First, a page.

3. Staying up to date with laws and regulations

HR audit helps organizations keep up with changing employment laws and regulations. Non-compliance issues can be identified to take corrective actions. This mitigates legal risks, avoids penalties or lawsuits, and helps maintain a strong reputation for ethical business practices.

4. Improve talent acquisition strategies

An HR audit also assesses recruitment practices, candidate screening, onboarding procedures, and employer branding efforts. By identifying areas for improvement, such as targeting new talent pools, enhancing candidate experience, or optimizing job descriptions, organizations can attract top talent.

5. Low employee turnover

Gaps in compensation and benefits, career development, work-life balance, and employee engagement initiatives are identified. This helps address issues and create a more positive workplace. Employee satisfaction is improved by assessing the reasons for turnover. Ultimately, employee retention is increased.

6. Improve safety in the workplace

Workplace safety practices, policies, and compliance with health and safety regulations are evaluated. Potential hazards, gaps in safety training, inadequate safety protocols, etc., are identified so that organizations can take corrective action to enhance workplace safety.

Frequently Asked Question (FAQs)

1. Is HR Audit Mandatory?

The requirement for an HR audit varies depending on the jurisdiction and industry. It can be mandatory in organizations that have legal or regulatory obligations. However, in many cases, HR audit is not mandatory and is only considered as a best practice.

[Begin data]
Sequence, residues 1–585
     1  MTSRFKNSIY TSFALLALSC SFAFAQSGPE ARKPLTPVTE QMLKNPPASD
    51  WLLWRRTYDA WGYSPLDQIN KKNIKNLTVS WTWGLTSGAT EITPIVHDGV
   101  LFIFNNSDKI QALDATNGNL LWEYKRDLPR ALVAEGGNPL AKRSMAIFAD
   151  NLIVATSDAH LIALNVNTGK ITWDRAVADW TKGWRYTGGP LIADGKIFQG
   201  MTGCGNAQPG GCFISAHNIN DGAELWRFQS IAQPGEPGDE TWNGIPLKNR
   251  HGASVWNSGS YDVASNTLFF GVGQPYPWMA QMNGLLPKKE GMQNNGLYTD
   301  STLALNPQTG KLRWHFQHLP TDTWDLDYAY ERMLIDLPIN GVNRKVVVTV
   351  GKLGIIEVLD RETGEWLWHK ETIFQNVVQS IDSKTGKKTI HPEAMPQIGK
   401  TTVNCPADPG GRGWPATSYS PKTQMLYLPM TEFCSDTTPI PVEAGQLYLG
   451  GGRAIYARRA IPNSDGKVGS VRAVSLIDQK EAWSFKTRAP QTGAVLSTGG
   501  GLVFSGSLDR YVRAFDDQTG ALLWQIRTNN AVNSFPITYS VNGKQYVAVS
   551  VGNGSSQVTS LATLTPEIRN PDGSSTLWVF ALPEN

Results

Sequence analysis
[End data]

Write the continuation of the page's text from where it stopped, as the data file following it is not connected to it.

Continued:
2. Who conducts HR Audit?

An HR audit is typically conducted by internal HR teams or external HR consultants specializing in auditing and compliance.

3. What is HR Audit Scope?

The scope of an HR audit covers everything from recruitment to exit of an employee. It assesses the effectiveness, compliance, and alignment of HR areas with organizational goals.

4. What are the objectives of HR Audit?

The objectives of HR audit are:

  • Evaluate HR effectiveness
  • Ensure legal compliance
  • Identify gaps and risks
  • Enhance HR strategy and planning
  • Optimize employee experience
cookie image

By clicking “Accept", you consent to our website's use of cookies to give you the most relevant experience by remembering your preferences and repeat visits. You may visit "cookie policy” to know more about cookies we use.